Martin Koch – One of the best experts on this subject based on the ideXlab platform.

  • a tensor model and measures of microscopic anisotropy for double wave vector diffusion weighting experiments with long mixing times
    Journal of Magnetic Resonance, 2010
    Co-Authors: Marco Lawrenz, Jurgen Finsterbusch, Martin Koch
    Abstract:

    Experiments with two diffusion-weighting periods applied successively in a single experiment, so-called double-wave-vector (DWV) diffusion-weighting experiments, are a promising tool for the investigation of material or tissue structure on a microscopic level, e.g. to determine cell or compartment sizes or to detect pore or cell anisotropy. However, the theoretical descriptions presented so far for experiments that aim to investigate the microscopic anisotropy with a long mixing time between the two diffusion weightings, are limited to certain wave vector orientations, specific pore shapes, and macroscopically isotropic samples. Here, the signal equations for fully restricted diffusion are re-investigated in more detail. A general description of the signal behavior for arbitrary wave vector directions, pore or cell shapes, and orientation distributions of the pores or cells is obtained that involves a fourth-order tensor approach. From these equations, a rotationally invariant measure of the microscopic anisotropy, termed MA, is derived that yields information complementary to that of the (macroscopic) anisotropy measures of standard diffusion-tensor acquisitions. Furthermore, the detailed angular modulation for arbitrary cell shapes with an isotropic orientation distribution is derived. Numerical simulations of the MR signal with a Monte-Carlo algorithms confirm the theoretical considerations. The extended theoretical description and the introduction of a reliable measure of the microscopic anisotropy may help to improve the applicability and reliability of corresponding experiments.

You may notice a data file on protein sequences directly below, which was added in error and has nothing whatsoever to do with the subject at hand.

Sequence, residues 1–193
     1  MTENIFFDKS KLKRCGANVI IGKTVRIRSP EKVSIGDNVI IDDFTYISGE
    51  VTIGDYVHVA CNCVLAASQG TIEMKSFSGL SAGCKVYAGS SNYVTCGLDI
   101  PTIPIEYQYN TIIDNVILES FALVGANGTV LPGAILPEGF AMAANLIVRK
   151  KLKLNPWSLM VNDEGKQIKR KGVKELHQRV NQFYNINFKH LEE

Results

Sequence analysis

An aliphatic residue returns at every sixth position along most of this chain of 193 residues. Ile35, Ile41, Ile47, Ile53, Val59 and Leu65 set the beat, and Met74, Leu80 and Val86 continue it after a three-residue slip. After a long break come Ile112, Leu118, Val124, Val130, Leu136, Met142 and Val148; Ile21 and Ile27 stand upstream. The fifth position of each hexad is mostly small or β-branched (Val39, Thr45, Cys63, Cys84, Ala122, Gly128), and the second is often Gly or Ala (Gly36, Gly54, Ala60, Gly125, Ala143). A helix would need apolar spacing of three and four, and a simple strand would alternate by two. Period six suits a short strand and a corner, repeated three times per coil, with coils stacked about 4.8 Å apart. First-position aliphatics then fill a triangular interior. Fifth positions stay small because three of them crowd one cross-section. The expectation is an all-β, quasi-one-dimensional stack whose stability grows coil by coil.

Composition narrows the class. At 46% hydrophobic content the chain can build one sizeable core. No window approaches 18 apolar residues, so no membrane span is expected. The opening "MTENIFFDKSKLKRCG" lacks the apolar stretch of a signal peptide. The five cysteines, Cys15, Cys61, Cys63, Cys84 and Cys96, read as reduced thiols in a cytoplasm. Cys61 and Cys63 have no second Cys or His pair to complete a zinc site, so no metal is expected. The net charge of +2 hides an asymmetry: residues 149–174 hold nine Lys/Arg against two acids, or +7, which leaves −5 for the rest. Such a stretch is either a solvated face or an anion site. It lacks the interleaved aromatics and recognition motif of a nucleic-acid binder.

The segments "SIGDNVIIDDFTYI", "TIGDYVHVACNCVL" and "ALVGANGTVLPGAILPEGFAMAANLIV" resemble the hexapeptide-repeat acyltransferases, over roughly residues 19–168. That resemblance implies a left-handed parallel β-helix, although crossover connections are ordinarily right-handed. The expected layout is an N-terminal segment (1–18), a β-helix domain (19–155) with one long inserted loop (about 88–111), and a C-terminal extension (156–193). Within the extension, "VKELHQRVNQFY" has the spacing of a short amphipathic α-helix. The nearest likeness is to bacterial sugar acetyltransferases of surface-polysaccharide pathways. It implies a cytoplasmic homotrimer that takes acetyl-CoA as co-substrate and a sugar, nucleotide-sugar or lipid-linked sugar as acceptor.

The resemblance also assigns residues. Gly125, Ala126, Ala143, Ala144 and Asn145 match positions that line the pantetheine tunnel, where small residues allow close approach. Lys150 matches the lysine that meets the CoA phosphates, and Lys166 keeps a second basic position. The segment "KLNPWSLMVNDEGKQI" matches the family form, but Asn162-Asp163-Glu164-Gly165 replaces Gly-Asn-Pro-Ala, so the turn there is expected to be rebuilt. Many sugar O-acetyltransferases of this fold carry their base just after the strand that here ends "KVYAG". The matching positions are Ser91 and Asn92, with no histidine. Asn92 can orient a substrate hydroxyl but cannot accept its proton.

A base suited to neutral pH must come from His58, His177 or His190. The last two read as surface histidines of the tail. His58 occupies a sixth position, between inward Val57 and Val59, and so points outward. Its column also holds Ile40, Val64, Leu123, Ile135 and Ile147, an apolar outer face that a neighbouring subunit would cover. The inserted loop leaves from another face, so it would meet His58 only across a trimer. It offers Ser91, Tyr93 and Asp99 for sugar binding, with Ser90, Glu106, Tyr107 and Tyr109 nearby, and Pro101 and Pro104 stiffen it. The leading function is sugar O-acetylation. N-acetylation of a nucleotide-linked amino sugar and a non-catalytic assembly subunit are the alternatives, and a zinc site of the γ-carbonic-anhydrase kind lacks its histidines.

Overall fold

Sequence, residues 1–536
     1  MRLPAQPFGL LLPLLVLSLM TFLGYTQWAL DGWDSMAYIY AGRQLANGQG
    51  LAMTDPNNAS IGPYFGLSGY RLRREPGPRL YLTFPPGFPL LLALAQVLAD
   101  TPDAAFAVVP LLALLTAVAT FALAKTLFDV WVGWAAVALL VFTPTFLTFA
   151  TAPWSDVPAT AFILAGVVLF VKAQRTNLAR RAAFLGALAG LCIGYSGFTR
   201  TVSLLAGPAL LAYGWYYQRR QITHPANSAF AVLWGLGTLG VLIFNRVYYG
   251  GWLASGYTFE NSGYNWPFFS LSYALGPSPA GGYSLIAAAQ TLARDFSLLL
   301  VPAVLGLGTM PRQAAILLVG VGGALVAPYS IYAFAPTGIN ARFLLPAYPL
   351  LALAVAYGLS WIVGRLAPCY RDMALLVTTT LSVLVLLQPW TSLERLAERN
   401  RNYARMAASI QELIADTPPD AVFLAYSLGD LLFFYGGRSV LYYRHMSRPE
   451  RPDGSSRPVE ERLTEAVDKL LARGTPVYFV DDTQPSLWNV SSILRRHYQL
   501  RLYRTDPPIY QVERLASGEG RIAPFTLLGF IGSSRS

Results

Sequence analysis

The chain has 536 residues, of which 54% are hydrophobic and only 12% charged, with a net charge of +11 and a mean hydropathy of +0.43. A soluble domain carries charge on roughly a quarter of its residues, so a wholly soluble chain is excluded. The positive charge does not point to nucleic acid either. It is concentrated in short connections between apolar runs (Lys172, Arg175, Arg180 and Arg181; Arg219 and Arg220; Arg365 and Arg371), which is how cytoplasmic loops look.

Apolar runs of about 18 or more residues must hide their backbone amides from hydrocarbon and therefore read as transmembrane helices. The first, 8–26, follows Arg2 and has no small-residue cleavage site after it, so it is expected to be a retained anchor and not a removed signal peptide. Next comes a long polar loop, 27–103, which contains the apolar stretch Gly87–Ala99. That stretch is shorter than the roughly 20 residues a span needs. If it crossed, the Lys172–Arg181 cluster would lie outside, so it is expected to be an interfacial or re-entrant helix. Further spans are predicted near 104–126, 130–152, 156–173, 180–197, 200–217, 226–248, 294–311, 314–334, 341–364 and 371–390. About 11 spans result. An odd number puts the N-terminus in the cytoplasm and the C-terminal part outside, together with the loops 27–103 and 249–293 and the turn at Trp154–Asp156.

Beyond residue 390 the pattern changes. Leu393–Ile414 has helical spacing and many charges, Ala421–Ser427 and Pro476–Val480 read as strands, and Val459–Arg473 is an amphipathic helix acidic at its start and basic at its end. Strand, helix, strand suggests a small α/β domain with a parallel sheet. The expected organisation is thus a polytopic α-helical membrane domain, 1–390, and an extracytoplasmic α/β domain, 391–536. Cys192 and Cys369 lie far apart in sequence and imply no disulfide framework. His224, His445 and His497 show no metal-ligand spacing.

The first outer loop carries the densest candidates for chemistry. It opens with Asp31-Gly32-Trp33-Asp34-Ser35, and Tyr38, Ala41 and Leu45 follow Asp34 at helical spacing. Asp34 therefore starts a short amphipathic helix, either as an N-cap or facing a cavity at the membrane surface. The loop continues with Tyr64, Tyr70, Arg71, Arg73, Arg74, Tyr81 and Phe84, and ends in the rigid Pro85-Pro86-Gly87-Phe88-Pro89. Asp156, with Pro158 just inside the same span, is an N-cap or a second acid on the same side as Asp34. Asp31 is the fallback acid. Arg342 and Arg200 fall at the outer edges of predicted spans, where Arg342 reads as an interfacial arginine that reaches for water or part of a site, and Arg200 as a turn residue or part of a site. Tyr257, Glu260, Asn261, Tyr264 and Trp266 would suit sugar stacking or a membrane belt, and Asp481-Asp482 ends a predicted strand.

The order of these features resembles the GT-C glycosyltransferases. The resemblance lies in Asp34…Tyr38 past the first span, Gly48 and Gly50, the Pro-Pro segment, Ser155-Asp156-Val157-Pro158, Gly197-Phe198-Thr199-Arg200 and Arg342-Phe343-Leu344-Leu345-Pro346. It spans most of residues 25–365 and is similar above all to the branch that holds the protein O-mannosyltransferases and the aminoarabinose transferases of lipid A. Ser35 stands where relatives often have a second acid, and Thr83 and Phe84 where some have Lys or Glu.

Marco Lawrenz – One of the best experts on this subject based on the ideXlab platform.

  • a tensor model and measures of microscopic anisotropy for double wave vector diffusion weighting experiments with long mixing times
    Journal of Magnetic Resonance, 2010
    Co-Authors: Marco Lawrenz, Jurgen Finsterbusch, Martin Koch
    Abstract:

    Experiments with two diffusion-weighting periods applied successively in a single experiment, so-called double-wave-vector (DWV) diffusion-weighting experiments, are a promising tool for the investigation of material or tissue structure on a microscopic level, e.g. to determine cell or compartment sizes or to detect pore or cell anisotropy. However, the theoretical descriptions presented so far for experiments that aim to investigate the microscopic anisotropy with a long mixing time between the two diffusion weightings, are limited to certain wave vector orientations, specific pore shapes, and macroscopically isotropic samples. Here, the signal equations for fully restricted diffusion are re-investigated in more detail. A general description of the signal behavior for arbitrary wave vector directions, pore or cell shapes, and orientation distributions of the pores or cells is obtained that involves a fourth-order tensor approach. From these equations, a rotationally invariant measure of the microscopic anisotropy, termed MA, is derived that yields information complementary to that of the (macroscopic) anisotropy measures of standard diffusion-tensor acquisitions. Furthermore, the detailed angular modulation for arbitrary cell shapes with an isotropic orientation distribution is derived. Numerical simulations of the MR signal with a Monte-Carlo algorithms confirm the theoretical considerations. The extended theoretical description and the introduction of a reliable measure of the microscopic anisotropy may help to improve the applicability and reliability of corresponding experiments.

Norihiro Itsubo – One of the best experts on this subject based on the ideXlab platform.

  • Development of weighting factors for G20 countries—explore the difference in environmental awareness between developed and emerging countries
    The International Journal of Life Cycle Assessment, 2018
    Co-Authors: Norihiro Itsubo, Kayo Murakami, Koichi Kuriyama, Kentaro Yoshida, Koji Tokimatsu, Atsushi Inaba
    Abstract: